Still, Martin believes he is actually a vampire and must feed on the blood of the living in order to survive, just as Christians believe utterly and completely in the resurrection, Heaven, Hell, and the power of the holy spirit. Martin still places an importance in the canned icons of his belief system, “The Hollywood Vampire” but is intelligent enough to know he is only humoring himself with these fantasies and delusions. After one startling moment in the film where Martin scares the living shit out of Cuda by stepping out the darkness  wearing a cape, bares fangs and has a pallid complexion only to finally laugh at the old man and reassure him, “It’s only a costume.” Martin has been told all his life what he is and has come to believe what’s been drilled into his head from birth.  Martin longs to be one thing, but he knows he is something else and this knowledge is the essence of the film.

Martin also takes dead aim at organized religion, portraying it in vapid, empty terms. Romero himself plays a hip priest who insults the shitty wine his church serves at communion, doesn’t believe in angels or demons and loves the movie The Exorcist. And when Cuda calls upon an old school priest to ambush Martin and perform an exorcism of their own, it comes off as an old useless ritual and Martin simply walks away as the priest blubbers on reading from the holy text. But more disheartening than any of this is Cuda himself, a man so blinded by his own faith that he believes it is his divine right to wield life or death over his own flesh and blood. Cuda believes the vampiric curse and that it is his duty to destroy the evil, to murder his own relative in the name of God. This is the same mentality in religious hysteria that leads followers to murder doctors who perform abortion and claim to be pro-life but support capital punishment, to commit atrocious acts of violence in the name of your own personal lord and savior. It’s sick, it’s twisted and it’s wrong.

"It's only a costume."

“It’s only a costume.”

In the end, Martin is a film about the lies we tell ourself and the delusions we live every day. Those that we have been taught by those closest to us and those we tell ourselves simply to get by. Martin wants so badly to be a vampire he is willing to kill others. Martin admires the lore and power of vampires. How they are loved, feared and lusted after, all things that the shy, timid misfit feels he can never obtain.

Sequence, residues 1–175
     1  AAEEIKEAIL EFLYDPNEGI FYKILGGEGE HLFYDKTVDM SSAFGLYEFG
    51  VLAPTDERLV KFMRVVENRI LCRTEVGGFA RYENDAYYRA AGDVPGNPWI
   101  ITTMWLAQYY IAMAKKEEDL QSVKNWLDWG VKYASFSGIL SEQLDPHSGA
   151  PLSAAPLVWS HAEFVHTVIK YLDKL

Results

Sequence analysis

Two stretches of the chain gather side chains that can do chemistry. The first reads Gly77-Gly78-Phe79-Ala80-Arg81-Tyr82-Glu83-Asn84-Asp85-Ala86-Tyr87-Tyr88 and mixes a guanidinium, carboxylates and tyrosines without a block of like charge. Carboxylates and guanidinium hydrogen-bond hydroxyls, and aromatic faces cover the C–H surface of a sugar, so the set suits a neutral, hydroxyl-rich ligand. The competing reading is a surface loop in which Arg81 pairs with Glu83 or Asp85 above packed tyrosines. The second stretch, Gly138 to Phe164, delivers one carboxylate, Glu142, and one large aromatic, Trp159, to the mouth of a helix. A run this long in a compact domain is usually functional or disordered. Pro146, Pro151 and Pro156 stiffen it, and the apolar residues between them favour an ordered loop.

Martin is a singular, gorgeous, and poetic take on the vampire horror film and it’s Hollywood lore. To date, I have never seen a more thoroughly unique and sweetly sad vampire tale.  This is the rarest of horror movies, one not about a horrible other, or even about the creature next door. No, this is subtle, ambiguous look at what makes monsters of us all. A look into the heart of the horror in our everyday human existence and the evils we are capable of inflicting on one another. Not only through physical acts, but through the power of ideas, belief and control.

I give Martin FIVE out of FIVE Dumpster Nuggets. If you ask me, this is Romero’s absolute masterpiece.

Stay Trashy!

-Root

 

11
May
12

Gorgasm: The Ultimate Climax

a Primal Root review

Over the course of my lifetime I’ve come to realize a man happens upon many milestones. Moments in this life that stand out above all others as life altering.  Experiences that leave you stunned, silent, and with the deep realization that you are a changed man and you…will never be the same again.  I had one such moment my sophomore year of high school when I trekked to Video 21 and, after an exhaustive blind search of the Cult section,  I emerged to head to the check out counter with a trio of films that were about to not only solidify my adoration for all things sleazy, cheap, low budget and trashy, but would also cast my love of this most despised of genres in bronze ensuring my love would last a lifetime.